Focused on COVID-19 related indicators in communities across northeast Syria, April 2020
Syria reported its first case of COVID-19 on 22 March, and as of 2 May had 44 cases and three fatalities.1 There has been one reported fatality from COVID-19 in northeast Syria and two additional cases were confirmed in Al-Hasakeh city on 30 April.1 Humanitarian organisations have warned that an outbreak of COVID-19 in the region would be disastrous.2 In March, a series of decrees concerning precautionary measures to prevent the spread of the virus were issued by local authorities in northeast Syria. This includes a lockdown that has been extended until 11 May.3
Nine years of conflict has led to major deficiencies in the region's health system with many health facilities no longer functioning and those that remain open already struggling to respond to existing medical needs prior to the outbreak of COVID-19.2 In addition, sporadic conflict escalation since October 2019 has contributed to mass displacement across northeast Syria and severe overcrowding in many internally displaced person (IDP) camps in turn leading to challenges relating to infection prevention and control (IPC).4 Humanitarian agencies have also reported water access constraints due to damage to the Allouk water station which provides water to an estimated 460,000 people across Al-Hasakeh governorate.5
As such, providing humanitarian assistance to meet the existing needs of IDP and host community populations across NES remains challenging. Further, the humanitarian response should now additionally comprise preparedness measures required for COVID-19, which represents a complex and grave challenge.
REACH conducted a rapid needs assessment (RNA) between 14 and 16 April 2020 aimed at providing a multi-sectoral overview of the humanitarian situation for IDPs and host communities in northeast Syria. This RNA was deployed together with REACH's monthly Humanitarian Situation Overview in Syria (HSOS), to support operational actors across northeast Syria. The assessment aims to provide a regional understanding of the existing measures and atittudes of residents, and to also identify the preventative and response capacity of communities in order to better inform humanitarian programming. This factsheet outlines COVID-19 specific information obtained from the RNA, and is supplemented by COVID-19 relevant information from previous REACH assessments in northeast Syria, such as HSOS and Market Monitoring Exercise (MME), where relevant.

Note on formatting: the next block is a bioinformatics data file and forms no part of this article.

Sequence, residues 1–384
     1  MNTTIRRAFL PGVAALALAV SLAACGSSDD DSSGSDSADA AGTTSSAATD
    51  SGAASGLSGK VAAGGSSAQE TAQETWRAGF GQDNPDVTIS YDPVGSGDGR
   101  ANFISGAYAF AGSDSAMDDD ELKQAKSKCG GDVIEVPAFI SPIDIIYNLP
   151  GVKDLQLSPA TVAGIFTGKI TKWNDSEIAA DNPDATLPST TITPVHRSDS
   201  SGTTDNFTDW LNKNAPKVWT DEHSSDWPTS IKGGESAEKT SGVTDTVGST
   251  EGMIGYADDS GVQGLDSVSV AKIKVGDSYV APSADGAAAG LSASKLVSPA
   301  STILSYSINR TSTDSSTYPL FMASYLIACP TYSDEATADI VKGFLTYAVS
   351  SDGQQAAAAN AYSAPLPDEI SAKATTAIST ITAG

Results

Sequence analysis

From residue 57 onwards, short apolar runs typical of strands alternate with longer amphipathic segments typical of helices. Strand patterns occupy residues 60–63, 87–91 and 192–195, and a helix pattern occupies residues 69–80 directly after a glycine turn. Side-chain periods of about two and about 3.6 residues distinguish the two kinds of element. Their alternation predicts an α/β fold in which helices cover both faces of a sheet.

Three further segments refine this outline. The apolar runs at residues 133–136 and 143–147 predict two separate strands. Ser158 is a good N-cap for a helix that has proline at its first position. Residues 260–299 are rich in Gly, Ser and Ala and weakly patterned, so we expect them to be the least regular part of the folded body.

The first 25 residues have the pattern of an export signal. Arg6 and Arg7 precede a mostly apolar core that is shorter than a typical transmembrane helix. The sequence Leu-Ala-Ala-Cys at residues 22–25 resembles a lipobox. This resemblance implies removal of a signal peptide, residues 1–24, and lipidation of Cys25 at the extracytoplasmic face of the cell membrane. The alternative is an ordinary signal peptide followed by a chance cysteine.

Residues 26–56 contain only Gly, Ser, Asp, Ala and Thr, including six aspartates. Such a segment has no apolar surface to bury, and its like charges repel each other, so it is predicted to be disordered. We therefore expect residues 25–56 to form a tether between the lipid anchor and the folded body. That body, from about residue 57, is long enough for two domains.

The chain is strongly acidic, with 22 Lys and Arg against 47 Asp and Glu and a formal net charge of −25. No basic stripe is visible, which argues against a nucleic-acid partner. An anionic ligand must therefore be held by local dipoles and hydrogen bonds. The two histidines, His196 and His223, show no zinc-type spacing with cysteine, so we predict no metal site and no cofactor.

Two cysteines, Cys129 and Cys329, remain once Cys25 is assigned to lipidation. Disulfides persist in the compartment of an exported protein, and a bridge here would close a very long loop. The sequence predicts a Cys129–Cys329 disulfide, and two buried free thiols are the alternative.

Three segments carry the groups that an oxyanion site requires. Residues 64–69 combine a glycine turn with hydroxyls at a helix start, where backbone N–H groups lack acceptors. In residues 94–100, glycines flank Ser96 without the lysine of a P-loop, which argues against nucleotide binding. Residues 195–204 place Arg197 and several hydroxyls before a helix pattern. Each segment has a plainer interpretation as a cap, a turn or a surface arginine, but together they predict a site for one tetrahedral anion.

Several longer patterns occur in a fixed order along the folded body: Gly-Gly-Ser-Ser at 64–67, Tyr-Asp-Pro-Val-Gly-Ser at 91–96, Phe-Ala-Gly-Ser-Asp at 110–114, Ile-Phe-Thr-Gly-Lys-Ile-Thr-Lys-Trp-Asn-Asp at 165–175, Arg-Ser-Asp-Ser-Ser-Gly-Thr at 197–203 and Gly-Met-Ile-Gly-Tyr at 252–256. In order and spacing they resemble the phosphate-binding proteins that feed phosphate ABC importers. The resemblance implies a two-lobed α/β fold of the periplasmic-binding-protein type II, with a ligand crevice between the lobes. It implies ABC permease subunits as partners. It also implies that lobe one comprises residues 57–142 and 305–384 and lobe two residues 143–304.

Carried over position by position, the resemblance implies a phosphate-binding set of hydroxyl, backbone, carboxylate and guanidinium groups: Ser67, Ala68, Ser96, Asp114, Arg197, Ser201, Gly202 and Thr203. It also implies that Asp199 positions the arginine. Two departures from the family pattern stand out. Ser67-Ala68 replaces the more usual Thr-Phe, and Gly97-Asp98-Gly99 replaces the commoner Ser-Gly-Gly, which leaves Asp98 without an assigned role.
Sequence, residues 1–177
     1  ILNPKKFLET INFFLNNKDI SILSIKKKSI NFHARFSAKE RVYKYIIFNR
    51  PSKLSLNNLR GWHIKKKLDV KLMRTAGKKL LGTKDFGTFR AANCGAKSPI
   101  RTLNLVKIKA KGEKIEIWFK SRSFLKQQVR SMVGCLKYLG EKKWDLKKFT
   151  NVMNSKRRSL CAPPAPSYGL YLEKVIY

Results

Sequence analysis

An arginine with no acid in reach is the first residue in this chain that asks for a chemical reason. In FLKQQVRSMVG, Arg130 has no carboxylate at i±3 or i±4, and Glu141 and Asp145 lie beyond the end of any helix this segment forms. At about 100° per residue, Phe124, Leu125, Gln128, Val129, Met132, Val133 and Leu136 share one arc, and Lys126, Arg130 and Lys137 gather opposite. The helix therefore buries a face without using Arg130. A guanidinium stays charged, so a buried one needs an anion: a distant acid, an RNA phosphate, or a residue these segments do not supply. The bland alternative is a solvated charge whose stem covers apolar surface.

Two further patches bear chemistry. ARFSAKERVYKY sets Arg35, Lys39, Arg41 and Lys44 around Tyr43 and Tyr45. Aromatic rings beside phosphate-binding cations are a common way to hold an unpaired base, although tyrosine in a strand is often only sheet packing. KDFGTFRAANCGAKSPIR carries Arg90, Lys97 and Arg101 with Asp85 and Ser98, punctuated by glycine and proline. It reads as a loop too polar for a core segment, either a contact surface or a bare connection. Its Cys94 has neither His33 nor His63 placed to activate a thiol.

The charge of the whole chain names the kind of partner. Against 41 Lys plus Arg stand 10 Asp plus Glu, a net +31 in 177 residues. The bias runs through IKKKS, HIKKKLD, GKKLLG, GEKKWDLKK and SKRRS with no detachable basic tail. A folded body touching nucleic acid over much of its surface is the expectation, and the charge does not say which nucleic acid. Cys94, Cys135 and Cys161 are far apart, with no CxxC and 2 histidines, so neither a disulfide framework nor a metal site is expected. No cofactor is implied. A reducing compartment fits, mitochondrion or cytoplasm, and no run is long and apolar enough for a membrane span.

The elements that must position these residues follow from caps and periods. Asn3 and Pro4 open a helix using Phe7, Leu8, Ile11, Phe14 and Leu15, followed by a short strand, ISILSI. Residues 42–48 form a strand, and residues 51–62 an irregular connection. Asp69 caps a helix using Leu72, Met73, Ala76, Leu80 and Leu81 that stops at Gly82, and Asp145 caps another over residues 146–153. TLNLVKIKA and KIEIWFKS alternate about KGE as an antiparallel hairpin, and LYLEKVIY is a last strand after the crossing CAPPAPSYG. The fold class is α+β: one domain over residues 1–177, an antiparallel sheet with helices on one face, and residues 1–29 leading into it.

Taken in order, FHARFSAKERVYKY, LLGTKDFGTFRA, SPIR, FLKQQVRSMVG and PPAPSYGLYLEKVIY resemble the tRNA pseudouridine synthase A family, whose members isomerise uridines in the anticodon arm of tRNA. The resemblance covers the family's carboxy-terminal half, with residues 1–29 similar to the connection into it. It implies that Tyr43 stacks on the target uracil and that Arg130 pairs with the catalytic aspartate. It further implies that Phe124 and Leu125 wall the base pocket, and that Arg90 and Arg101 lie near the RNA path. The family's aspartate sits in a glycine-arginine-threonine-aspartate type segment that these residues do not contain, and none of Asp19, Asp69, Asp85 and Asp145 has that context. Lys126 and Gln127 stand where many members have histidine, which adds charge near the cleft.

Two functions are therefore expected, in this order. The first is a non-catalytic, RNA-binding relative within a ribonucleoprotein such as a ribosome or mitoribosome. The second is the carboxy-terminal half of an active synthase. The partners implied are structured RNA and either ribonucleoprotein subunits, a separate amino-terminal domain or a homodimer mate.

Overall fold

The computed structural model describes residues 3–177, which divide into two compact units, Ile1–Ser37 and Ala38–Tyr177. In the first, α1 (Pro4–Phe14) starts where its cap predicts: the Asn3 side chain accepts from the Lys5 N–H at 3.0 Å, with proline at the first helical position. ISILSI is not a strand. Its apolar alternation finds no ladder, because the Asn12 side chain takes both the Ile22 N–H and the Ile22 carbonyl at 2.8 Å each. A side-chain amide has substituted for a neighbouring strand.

To provide essential information on the level of community awareness and on the preventive and response capacities with regards to COVID-19 in communities across northeast Syria, REACH conducted an RNA in 492 locations (including 28 neighbourhoods in Al-Hasakeh city and 13 neighbourhoods in Quamishli city). Data collection was conducted in parallel with HSOS data collection. As such, data from these two assessments is complementary and relevant information from the HSOS assessment has been used to inform this report.6 Data was collected via community-level key informant (KI) interviews with an average of three KIs per community, between 2 and 16 April 2020 for HSOS, and between 14 and 16 April for the RNA. The complete dataset is available here.
Regular monitoring of northeast Syria is available through REACH's monthly HSOS. REACH also deployed an RNA covering communities in Hasakeh governorate in December 2019, and an RNA covering Ar-Raqqa, Aleppo and Deir-ez-Zor governorates in December 2019. REACH also coordinated a joint RNA focusing on IDPs in host communities in Hasakeh governorate, in February 2020. Finally,
REACH recently produced a report on the impact of COVID-19 on markets in northern Syria.
Due to the KI methodology used, findings are not statistically representative and should only be considered as indicative of the situation in assessed communities. The rapidly evolving context in the assessed area, especially with regards to the COVID-19 situation, means that findings are only indicative of the situation at the time the data was collected (2 to 16 April 2020).
As analysis was conducted at the community level, specific camp/site conditions are not highlighted, especially the conditions of those living in small sites with only a few households.